The Instagram wedding has to be one of the fastest spreading trends of our times, gaining extreme popularity in a short span of years. Even the most moderate social media user will find it hard to ignore these all-pervasive wedding pictures that many delight in despite, or because of their tackiness. It is also an apt reflection of the time that we live in where sophistication has been overridden by one-upmanship; where exclusivity has lost worth and replaced by a persistent unfathomable urge to ‘trend’.
Following the usual format, such weddings tend to allot a certain budget to buying space on Instagram. They may do so by paying bloggers with huge Instagram followings to post a certain number of images from their wedding, assisted with the enticing hashtag, ‘#happeningnow’. They may have, as an alternative, simply invited said bloggers to the wedding and showered them with freebies to ensure suitable social media coverage. Or the bride and groom may just belong to the city’s ‘it’ set, friends with the bloggers and journalists and thereby becoming Instagram-worthy all on their own.
As a result, pictures of their wedding bombard the internet: the expensive imported floral décor, the umpteen wedding guests with details on the ateliers who have designed their clothes, the bride’s close-ups and the groom’s close-ups. The main wedding function tends to be preceded by smaller affairs that are also floated out on the net at large — grandiose themed mehndis, balls with dress codes or ladies’ teas. It’s all part of the grand Instagram wedding extravaganza.
In this world obsessed with Internet hits and Kardashians, one could say that the Instagram wedding is an inevitable consequence
Invariably, there are also videos and photographs from the happening dance floor: the fumbles and foibles, the Bollywood-inspired moves, the light-footed front row of dancers and the muddle-headed overweight bunch at the back. There was a time when dances at weddings formed intimate family moments but the Instagram generation would rather put up a show for the world to watch and guffaw over.
A trend-worthy hashtag is also identified, formed by a combination of the bride and groom’s names. Case in point: #virushka for the recent, much publicised union of cricketer Virat Kohli and Bollywood actress Anushka Sharma.
There’s more. If the bride and groom’s families truly have to prove their salt, they do so by staging a musical concert at the wedding. Rahat Fateh Ali Khan and Atif Aslam are wedding favourites while the more ambitious seek to import talent from India. Sukhbir comes to mind — the turbaned singer frequently crosses the border to yodel bhangra hits at our high-flying shaadis. It’s all very exciting — wedding guests are known to often go ‘live’ on their social media feeds in order to inform the world about the very hip wedding-cum-concert that they’re attending.
Humans are intrinsically nosy and the Instagram wedding gives us a chance to snoop into wedding festivities. The fashionably inclined amongst us also enjoy seeing what the guests are wearing.
In all honesty, it’s fun. Humans are intrinsically nosy and the Instagram wedding gives us a chance to snoop into wedding festivities. The fashionably inclined amongst us also enjoy seeing what the guests, usually from amongst the country’s most rich and famous, are wearing.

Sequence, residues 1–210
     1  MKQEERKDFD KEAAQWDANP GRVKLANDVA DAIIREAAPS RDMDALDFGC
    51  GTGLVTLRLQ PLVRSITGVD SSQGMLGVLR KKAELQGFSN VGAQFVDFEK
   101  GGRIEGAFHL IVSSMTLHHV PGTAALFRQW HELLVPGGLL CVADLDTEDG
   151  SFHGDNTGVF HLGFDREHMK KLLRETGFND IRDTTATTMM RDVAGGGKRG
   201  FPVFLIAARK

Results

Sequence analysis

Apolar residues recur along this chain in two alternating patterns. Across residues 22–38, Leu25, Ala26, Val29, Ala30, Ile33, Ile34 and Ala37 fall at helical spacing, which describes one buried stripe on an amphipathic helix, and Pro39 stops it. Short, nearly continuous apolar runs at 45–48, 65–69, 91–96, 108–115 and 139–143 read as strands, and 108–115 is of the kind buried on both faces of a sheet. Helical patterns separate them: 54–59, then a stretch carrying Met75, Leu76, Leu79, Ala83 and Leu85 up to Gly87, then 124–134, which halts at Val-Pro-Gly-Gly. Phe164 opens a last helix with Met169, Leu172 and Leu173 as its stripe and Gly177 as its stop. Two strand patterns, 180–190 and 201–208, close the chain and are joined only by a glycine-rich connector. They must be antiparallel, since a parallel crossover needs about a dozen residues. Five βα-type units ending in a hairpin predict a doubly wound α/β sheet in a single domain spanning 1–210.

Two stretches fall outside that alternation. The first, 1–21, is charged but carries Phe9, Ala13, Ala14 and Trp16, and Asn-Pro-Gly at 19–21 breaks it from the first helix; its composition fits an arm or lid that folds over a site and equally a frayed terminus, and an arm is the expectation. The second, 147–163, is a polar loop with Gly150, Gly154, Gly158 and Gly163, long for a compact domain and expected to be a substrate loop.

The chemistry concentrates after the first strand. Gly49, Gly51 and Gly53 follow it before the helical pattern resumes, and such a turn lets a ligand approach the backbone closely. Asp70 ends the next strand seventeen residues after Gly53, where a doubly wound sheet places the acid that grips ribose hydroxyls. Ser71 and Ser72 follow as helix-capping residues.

But beyond fun, the continued quest for trending on Instagram hints at a more sordid underlying message. The weddings that trend on social media tend to be exorbitant affairs hosted by the very affluent. The colossal budgets invested into the events are evident and while the hosts may spend as much as they like on their family functions, why do they consider it necessary to show it by announcing it on Instagram? Why doesn’t the bride, resplendent in a coveted Bunto Kazmi design, simply take pleasure in looking beautiful instead of telling the world about the designer she is wearing? Why does every nuance of the wedding have to be made fodder for public viewing?
It still makes sense for a celebrity wedding to be publicised rampantly on the internet. Celebrities, after all, are famous faces and their wedding guests tend to be equally renowned. The Anushka Sharma-Virat Kohli wedding reception in Mumbai, for instance, was positively littered with Bollywood royalty in their wedding best. Closer to home, the recent wedding of actors Asad Siddiqui and Zara Noor Abbas made for riveting Instagram viewing with the dance floor featuring stars galore. Model Saheefa Jabbar Khattak’s daytime wedding was equally glitzy, with fashion scions in attendance. Urwa Hocane and Farhan Saeed’s wedding in 2016 may have had been a bit overwhelming with its in-your-face social media coverage that lasted for days but it was, nonetheless, a celebrity wedding.
But when the not-very-famous choose to follow suit and choose to go viral on social media simply by virtue of the finances that they have, it highlights the economic discrepancies within Pakistan. The girl who cannot afford the elaborate wedding may feel insecure about her own down-to-earth wedding celebrations. Not everyone can afford top-tier designerwear but parading it out rampantly on Instagram inevitably builds a sense of deprivation amongst others.
What is particularly jarring is that this trend has been corroborated by supposedly the country’s most educated and the very illustrious. In this world obsessed with internet hits and Kardashians, one could say that the Instagram wedding is an inevitable consequence. But in a country like Pakistan, where the gap between the haves and the have-nots continues to widen, it is irritating, sad and ultimately, noxious.
Published in Dawn, EOS, January 14th, 2018